The centre of the #BringBackOurGirls campaign in Abuja, the Unity Fountain, represents a conundrum. It is shadowed by Transcorp Hilton, arguably the capital’s best hotel and largely regarded as the venue where Nigeria’s high-ranking political class meets, lobbies and pontificates on matters of state. This is where important decisions are made. Ironic, then, that 130 days after more than 200 schoolgirls were kidnapped, and with the hotspot of the rallying cry for their release in such close proximity to this alternate seat of power, no ‘important decision’ has been made.
Unity Fountain is also surrounded by propagandist posters and billboards. One of them is a picture of a beaming President Goodluck Jonathan, inscribed with the message that the President will be the best-loved ruler of Nigeria in all our history and that he has been doing a good job thus far.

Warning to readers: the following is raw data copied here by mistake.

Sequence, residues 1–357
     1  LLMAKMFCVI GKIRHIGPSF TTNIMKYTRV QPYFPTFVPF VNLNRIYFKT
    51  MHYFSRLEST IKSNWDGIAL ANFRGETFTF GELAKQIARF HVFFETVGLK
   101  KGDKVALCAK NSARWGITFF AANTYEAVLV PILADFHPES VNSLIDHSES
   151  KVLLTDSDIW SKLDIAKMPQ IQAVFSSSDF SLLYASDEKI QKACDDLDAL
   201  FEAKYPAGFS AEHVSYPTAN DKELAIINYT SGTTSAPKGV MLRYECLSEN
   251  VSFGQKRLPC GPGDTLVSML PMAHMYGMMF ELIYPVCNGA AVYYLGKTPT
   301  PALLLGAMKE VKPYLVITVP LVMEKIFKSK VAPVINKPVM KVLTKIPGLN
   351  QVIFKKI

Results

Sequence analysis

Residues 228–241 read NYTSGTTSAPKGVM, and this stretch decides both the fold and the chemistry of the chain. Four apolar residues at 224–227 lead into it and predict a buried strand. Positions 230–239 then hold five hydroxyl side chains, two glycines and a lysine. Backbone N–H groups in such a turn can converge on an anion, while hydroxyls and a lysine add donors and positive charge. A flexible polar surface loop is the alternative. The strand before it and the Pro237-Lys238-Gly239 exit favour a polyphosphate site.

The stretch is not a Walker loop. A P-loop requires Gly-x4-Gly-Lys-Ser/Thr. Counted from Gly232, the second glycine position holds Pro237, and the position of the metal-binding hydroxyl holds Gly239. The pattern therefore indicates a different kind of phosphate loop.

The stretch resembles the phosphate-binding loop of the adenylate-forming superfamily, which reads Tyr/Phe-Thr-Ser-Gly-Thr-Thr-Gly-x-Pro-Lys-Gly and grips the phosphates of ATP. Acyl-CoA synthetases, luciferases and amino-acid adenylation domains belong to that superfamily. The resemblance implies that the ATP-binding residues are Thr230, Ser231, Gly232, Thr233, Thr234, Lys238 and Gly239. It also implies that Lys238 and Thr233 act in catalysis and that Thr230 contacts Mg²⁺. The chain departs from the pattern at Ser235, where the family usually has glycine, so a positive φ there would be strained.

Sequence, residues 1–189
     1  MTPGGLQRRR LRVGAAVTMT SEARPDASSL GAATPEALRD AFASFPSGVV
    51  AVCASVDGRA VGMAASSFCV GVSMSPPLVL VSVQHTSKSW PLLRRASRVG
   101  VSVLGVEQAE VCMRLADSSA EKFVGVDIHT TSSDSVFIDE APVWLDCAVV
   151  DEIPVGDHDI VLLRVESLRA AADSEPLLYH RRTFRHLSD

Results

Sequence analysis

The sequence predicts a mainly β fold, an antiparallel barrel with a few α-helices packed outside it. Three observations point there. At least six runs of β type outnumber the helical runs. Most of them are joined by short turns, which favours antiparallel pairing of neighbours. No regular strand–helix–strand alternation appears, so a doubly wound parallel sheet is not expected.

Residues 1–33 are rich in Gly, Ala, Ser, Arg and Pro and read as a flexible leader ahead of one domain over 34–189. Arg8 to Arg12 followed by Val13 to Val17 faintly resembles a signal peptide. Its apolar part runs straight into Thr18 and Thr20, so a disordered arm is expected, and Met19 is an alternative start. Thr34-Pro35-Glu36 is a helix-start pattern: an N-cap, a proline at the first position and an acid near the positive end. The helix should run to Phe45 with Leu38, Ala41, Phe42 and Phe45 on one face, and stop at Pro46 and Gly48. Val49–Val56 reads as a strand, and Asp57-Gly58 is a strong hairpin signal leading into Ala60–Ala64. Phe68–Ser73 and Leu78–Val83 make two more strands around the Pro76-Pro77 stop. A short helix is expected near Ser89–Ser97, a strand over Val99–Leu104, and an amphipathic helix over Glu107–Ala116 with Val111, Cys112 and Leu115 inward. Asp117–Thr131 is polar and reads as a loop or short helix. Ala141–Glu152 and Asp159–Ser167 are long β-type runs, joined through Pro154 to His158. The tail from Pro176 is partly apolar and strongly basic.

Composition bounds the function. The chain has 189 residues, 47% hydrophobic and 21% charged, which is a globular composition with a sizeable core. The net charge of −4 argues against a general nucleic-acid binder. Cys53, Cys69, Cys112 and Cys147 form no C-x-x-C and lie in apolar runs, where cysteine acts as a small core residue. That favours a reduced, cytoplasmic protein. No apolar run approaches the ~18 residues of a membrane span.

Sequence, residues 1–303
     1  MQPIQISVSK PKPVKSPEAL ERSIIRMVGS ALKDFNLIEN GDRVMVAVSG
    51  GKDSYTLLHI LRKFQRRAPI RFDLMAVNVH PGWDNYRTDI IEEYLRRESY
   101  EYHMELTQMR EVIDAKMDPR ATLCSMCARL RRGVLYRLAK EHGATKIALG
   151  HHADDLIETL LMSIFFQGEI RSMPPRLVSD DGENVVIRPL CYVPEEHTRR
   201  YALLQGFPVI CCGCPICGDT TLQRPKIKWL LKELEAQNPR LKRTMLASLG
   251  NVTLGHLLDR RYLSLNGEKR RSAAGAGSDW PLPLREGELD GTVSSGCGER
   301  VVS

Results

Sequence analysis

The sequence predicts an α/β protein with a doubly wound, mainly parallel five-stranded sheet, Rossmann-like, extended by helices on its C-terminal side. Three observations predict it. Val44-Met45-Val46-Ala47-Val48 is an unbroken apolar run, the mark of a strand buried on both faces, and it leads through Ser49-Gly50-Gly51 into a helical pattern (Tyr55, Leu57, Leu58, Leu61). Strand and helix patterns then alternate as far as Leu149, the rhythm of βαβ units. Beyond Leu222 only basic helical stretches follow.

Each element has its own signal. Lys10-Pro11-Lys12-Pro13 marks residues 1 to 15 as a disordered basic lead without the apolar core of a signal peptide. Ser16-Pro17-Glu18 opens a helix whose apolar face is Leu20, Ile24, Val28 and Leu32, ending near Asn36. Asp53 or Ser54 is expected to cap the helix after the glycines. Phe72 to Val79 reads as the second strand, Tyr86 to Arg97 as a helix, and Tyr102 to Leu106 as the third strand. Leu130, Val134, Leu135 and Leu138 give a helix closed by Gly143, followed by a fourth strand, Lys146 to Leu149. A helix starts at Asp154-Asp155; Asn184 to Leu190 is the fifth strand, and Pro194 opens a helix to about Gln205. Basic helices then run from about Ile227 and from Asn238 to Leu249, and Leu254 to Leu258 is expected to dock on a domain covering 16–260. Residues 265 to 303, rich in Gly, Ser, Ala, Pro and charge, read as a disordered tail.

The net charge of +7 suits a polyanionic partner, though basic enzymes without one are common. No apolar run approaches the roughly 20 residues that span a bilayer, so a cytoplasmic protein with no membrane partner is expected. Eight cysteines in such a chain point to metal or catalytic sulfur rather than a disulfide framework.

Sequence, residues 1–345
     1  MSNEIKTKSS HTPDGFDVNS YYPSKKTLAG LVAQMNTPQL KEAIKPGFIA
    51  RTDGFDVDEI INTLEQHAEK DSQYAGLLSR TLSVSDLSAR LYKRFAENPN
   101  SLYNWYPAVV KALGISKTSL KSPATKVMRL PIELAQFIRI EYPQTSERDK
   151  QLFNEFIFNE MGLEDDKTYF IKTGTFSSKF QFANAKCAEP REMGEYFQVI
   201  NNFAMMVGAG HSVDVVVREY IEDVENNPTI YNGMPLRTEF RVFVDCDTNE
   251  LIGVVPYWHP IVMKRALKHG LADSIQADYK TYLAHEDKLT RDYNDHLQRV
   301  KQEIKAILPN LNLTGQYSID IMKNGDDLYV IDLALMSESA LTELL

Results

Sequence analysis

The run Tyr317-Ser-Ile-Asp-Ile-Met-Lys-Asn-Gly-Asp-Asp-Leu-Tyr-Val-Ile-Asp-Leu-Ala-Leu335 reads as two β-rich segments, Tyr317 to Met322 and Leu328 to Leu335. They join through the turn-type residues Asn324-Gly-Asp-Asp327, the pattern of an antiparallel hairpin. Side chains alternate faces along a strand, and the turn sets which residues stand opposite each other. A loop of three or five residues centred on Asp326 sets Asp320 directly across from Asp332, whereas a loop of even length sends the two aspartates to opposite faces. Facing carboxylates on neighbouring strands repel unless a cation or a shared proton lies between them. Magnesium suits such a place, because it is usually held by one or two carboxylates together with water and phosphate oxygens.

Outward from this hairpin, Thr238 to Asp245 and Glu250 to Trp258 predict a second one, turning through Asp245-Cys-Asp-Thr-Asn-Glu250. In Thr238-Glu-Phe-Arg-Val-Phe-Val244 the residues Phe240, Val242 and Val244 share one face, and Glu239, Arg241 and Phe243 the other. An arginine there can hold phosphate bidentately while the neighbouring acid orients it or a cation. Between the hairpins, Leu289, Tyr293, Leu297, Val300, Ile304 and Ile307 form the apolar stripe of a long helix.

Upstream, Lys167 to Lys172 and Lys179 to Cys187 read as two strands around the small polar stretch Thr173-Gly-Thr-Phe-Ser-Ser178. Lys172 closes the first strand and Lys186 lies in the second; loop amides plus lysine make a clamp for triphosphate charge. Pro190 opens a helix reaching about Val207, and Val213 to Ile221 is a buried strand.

The campaign certainly does not agree with this sentiment. In stark contrast, theirs is a picture of desperate dissatisfaction with the government. On the day of the protest, people gathered on the Unity Fountain’s lush green lawn to mark the fact that 130 days have passed since the disappearance (officially 219 girls are missing) and to demand that the government tells the truth about its rescue mission, if there is any.
The protest kicks off
It is obvious why Unity Fountain was chosen as the home turf for the #BringBackOurGirls campaign The fountain depicts the forging together of Nigeria’s many, diverse peoples into a strong and unified force. It pays tribute to Nigeria’s history of internecine wars and the long road travelled from those turbulent times. The campaign asks that Nigerians disregard all ethnic, religious and socio-political divisions to unite as one, amplified voice against the continuous indifference of the government towards the girls’ rescue.